The Tea Process
True tea comes from the plant Camellia sinensis; the word sinensis is Latin for China. Scientists decided upon the name Camellia sinensis in 1905 and it was then included in the International Code of Botanical Nomenclature. The tea plant is one of roughly 80 different species of the Camellia family. It is the only one that contains caffeine.
The Camellia sinensis plant has its roots in Central Asia. It is believed that this ancient plant probably survived the ice age on a plateau, possibly in Yunnan, China. The tea plant is an evergreen plant, meaning that it keeps its leaves throughout the seasons.
There are two primary varietals of Camellia sinensis and a third varietal that is a hybrid of the two primary varietals.
The most common varietal, which is responsible for the majority of the world’s tea production, is Camellia sinensis var. assamica. The assamica varietal was first cultivated in Central Asia. The name assamica refers to the state in India where Europeans first discovered it. The assamica varietal grows in warm, sub-tropical climates. Typically the leaves grow to be 4-10 inches in length. Although they are most often grown as bushes about 3 feet tall, the trees can grow to be 50 feet tall. The assamica plant grows rapidly in warm, humid conditions. Assamica tea is grown in India, Western China, Africa, Vietnam, Thailand, Turkey, Sri Lanka, and even in parts of South America. Assamica is mostly used for making black tea through the CTC (Cut Tear Curl) method of processing; it’s an extremely cheap and productive plant. At low elevations assamica plants can be harvested every 10 days year ‘round; at higher altitudes they are picked 5-7 times a year. Typically, assamica plants contain more caffeine and polyphenols than other tea varietals. Assamica teas can be very bitter and astringent if processed incorrectly or picked too early.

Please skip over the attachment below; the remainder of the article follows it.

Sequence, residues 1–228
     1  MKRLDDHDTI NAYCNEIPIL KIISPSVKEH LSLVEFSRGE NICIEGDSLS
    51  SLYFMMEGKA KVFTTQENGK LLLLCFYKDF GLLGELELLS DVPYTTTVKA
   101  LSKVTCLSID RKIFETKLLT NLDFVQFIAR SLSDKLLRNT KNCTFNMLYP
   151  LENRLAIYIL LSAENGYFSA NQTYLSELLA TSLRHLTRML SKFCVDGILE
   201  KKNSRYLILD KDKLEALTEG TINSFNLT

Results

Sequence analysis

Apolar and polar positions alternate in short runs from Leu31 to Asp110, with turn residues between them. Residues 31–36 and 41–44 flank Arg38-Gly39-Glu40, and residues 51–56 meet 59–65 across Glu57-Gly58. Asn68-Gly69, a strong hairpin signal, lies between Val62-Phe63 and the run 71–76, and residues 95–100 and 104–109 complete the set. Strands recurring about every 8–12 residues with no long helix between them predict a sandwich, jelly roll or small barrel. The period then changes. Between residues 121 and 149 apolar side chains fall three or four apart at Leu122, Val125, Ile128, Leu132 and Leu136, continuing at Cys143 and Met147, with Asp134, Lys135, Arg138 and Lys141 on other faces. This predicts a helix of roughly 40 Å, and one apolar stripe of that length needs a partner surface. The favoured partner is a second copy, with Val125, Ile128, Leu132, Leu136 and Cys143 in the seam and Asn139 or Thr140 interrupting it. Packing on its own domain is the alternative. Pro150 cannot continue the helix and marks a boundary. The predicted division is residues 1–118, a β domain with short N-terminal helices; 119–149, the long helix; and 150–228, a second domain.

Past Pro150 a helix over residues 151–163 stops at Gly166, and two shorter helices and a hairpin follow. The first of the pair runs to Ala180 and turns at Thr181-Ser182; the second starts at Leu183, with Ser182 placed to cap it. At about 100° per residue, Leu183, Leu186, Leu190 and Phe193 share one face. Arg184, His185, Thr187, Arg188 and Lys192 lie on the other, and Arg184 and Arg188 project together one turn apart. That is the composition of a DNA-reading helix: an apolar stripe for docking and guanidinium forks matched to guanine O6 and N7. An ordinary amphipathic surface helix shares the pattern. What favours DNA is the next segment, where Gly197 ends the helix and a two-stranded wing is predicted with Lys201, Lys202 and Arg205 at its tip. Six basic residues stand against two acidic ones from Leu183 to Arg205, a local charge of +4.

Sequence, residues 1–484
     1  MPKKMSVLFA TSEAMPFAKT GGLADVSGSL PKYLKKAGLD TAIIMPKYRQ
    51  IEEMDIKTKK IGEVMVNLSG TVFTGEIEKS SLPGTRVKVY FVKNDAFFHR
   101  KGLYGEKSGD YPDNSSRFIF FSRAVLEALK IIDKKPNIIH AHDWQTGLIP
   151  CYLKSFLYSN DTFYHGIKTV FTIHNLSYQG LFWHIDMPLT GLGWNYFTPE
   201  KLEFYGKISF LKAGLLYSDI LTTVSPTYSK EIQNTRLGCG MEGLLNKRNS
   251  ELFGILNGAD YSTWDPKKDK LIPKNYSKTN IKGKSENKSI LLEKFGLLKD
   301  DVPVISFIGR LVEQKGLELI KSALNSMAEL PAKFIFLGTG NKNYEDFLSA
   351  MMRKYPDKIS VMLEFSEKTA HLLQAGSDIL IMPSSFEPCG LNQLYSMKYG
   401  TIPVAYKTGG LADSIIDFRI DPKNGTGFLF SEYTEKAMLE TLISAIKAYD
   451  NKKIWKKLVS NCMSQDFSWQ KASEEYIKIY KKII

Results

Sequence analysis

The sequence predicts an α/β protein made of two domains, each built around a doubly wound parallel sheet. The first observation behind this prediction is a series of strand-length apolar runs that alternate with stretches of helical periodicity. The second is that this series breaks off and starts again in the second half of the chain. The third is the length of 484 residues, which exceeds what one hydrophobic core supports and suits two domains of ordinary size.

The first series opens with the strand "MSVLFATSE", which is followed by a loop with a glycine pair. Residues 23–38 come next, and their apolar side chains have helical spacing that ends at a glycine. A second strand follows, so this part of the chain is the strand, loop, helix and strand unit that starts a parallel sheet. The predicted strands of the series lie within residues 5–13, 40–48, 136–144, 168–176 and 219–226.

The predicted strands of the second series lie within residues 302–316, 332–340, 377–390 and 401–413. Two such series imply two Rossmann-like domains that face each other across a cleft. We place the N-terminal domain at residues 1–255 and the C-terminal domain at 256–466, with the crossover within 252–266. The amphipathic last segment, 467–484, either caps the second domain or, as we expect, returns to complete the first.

The second most common varietal is Camellia sinensis var. sinensis. This varietal has smaller leaves compared to the assamica plant. The leaves grow to 3-5 inches in length at maturity. In the wild, sinensis plants can grow to be 30 feet tall. They grow more slowly at higher altitudes. Sinensis plants grow throughout Central and Eastern China, Korea, Japan, and Taiwan. The slow growth cycle means that they are harvested only 4 or 5 times a year. Some sinensis plants can handle frost, but they are more productive and grow much more quickly in warmer weather. The best quality sinensis plants can absorb massive amounts of nitrogen from the soil and produce teas with large amounts of amino acids. These teas are unmatched in body and mouthfeel.
The third hybrid varietal Camellia sinensis var. cambodia is grown through Indonesia. It is very productive and pest resistant. Most tea from these plants is used for CTC teas. Intelligentsia doesn’t purchase this varietal due to its common, unremarkable quality.